Great article! I am a mom of three boys and a teacher (5th grade). I cannot tell other moms enough how dangerous technology can be. Many girls have unsupervised accounts on social media where they claim to be 18 or divorced, while they are ten. This sounds like a dramatized afterschool special, but I have checked out some of my own students in Facebook. Their moms tell us in conferences that they set up the account for their daughters and are supervising them when using it…um, maybe not. Please, think this through!

  5. Sabrina

    After much thought on this I finally caved this school year and purchased a phone for my 12 year old son. It is only a phone! He is able to make calls and send a limited amount of texts- no other features were made available. This has worked very well for us!

    • Nancy

      We live in a free range neighborhood where kids as young as 4 or 5 are outside on their own, usually in the fronts of their houses or backyards, or one of the adjoining neighbors. Or playing in the cul-de-sacs. By the time the kids are 6, they are up and down the block. And by the time they are 7 or 8, they are hanging out around the neighborhood and at parks. My kid is almost 10 and has just started being allowed to be out without us on our immediate block. We have lived in a number of places where kids don’t go out on their own, so we have been a bit more cautious. I was a parent who said I would NEVER allow my elementary school aged child a mobile phone. But now that my child is going up and down the block and into neighbor’s homes (who have kids) sometimes, I want a way to be able to reach my child. We will be getting our child a phone in the next few weeks for our child’s 10th birthday. That all being said, we also highly monitor electronics time overall. Our child has a computer and is only allowed to use it with permission. And permission has to be earned by doing regular chores, homework in a timely fashion, etc. Similar rules will apply to using the phone other than for contacting us. All other use will need to be with permission. At this age, the phone will only be available when going out without parents.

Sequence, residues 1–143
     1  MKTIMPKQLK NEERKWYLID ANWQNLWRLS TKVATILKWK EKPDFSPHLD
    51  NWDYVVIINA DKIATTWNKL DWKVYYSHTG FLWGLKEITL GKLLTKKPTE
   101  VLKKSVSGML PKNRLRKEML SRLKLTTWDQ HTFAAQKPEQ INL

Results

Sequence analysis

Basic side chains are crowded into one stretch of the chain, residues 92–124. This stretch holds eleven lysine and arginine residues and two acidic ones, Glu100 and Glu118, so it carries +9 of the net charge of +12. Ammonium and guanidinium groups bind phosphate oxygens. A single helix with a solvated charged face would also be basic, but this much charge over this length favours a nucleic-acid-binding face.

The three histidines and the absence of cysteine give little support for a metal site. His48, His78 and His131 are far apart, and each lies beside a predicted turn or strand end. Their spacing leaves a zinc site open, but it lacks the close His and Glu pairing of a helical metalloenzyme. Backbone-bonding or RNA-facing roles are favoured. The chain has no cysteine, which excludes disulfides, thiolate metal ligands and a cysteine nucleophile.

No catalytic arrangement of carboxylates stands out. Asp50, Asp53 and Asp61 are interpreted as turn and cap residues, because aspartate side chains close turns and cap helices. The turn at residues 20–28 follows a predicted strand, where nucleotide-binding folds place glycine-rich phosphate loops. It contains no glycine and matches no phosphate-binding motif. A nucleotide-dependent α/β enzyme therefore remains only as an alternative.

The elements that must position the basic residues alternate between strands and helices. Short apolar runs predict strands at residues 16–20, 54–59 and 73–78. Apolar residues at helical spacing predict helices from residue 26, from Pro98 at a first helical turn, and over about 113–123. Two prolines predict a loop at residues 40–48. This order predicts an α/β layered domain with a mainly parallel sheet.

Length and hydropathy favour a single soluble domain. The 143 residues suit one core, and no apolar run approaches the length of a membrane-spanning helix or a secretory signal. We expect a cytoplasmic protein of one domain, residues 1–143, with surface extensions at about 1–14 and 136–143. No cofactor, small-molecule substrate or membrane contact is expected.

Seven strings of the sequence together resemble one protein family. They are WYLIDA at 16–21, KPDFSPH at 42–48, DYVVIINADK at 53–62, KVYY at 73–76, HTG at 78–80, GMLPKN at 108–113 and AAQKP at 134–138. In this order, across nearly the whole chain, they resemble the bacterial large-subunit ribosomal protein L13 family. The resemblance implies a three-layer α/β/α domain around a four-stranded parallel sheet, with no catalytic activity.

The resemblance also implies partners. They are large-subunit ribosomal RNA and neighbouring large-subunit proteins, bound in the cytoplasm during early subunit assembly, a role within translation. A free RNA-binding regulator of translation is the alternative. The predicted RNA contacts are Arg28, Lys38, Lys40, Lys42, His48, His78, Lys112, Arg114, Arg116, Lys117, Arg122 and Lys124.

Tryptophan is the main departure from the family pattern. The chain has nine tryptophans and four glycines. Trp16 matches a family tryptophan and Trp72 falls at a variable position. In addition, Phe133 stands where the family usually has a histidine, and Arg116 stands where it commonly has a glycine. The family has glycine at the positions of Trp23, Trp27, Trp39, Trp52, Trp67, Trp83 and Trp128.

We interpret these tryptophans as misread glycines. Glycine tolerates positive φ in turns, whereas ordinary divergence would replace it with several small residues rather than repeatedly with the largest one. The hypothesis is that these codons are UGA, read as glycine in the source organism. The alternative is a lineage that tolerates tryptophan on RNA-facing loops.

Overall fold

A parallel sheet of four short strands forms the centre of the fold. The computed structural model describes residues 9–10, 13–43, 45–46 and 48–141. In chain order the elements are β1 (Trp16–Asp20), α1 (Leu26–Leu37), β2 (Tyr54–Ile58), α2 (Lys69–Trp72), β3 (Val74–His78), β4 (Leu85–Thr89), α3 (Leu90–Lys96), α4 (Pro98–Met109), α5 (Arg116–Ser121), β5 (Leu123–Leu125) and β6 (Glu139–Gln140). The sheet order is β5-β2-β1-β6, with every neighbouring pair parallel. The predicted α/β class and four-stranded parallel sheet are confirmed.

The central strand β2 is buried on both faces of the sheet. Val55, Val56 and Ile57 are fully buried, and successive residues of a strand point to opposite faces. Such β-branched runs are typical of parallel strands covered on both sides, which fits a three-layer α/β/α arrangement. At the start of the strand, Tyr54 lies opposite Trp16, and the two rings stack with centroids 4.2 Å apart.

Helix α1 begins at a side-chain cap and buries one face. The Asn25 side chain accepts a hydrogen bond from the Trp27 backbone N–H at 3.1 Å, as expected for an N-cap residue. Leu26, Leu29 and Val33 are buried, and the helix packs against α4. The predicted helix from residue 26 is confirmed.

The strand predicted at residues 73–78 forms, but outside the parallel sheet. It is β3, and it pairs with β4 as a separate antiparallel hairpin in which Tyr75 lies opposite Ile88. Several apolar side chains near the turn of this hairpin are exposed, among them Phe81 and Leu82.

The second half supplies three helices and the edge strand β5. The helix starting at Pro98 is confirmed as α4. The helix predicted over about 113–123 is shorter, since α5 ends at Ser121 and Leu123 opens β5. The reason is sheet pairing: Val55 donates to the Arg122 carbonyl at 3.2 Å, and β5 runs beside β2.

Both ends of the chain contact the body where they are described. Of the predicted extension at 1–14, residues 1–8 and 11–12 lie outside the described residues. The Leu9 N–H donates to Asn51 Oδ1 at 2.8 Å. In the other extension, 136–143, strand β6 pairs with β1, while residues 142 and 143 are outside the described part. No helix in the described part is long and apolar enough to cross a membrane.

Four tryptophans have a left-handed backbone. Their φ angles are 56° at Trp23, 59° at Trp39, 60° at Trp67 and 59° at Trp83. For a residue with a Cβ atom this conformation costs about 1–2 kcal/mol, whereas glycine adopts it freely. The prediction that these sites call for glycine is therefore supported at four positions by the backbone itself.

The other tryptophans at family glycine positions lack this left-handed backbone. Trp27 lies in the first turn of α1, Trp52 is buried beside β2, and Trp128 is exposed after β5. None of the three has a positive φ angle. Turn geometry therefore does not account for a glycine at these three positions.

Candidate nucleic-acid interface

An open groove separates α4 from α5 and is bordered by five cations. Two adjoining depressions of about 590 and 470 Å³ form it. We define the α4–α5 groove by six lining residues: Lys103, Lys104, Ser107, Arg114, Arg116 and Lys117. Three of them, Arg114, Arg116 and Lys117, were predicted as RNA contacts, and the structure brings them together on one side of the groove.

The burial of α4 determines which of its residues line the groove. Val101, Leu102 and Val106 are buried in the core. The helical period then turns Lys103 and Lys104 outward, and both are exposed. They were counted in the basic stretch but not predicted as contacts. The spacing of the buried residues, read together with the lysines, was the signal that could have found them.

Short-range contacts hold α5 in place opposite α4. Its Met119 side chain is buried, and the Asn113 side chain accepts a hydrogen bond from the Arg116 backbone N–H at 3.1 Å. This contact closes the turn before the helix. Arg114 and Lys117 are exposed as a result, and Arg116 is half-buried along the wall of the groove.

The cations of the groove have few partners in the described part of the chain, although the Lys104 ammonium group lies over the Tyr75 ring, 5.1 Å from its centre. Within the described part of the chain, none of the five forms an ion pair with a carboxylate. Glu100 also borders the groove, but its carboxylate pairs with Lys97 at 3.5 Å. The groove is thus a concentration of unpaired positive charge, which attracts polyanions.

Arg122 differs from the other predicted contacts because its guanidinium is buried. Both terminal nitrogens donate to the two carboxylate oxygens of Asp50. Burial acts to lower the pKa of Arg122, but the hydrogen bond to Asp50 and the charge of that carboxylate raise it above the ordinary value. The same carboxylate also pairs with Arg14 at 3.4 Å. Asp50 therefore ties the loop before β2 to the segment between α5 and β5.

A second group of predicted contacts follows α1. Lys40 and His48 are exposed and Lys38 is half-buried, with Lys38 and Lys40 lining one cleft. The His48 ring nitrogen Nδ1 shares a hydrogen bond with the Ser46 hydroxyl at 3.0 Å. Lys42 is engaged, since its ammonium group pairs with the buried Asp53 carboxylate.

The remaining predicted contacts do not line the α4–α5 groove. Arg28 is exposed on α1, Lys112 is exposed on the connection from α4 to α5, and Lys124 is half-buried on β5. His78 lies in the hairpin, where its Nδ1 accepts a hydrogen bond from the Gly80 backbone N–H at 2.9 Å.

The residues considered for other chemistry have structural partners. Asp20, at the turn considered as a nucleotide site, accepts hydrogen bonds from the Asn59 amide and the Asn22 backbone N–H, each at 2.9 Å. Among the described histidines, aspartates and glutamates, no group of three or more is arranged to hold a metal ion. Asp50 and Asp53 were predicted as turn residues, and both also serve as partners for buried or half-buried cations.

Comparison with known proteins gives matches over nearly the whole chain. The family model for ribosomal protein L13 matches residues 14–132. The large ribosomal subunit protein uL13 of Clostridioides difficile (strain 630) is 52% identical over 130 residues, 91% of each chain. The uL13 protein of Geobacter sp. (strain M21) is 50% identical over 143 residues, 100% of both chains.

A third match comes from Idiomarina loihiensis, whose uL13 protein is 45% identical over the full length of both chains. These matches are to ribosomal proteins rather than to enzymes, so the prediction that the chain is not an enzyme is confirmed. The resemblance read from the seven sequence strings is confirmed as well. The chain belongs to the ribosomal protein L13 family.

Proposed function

6. Leslie Dubuque

    Such a great article Abby. I agree my daughter just asked me when she was getting a phone, I said exactly that you said to yours, not until you can pay for it . Apparently I am the meanest mother in the world which I take as a compliment, must mean I am doing something right!

  7. Whitney Pannell

    Your article is so relevant to me. I was just having this conversation with my husband last night. We have a 13 year old daughter who Is addicted to her iPhone and I read her your article.

    • Abbie

      Thanks Whitney! My daughter wants to write a rebuttal. I told her to go for it! Stay tuned…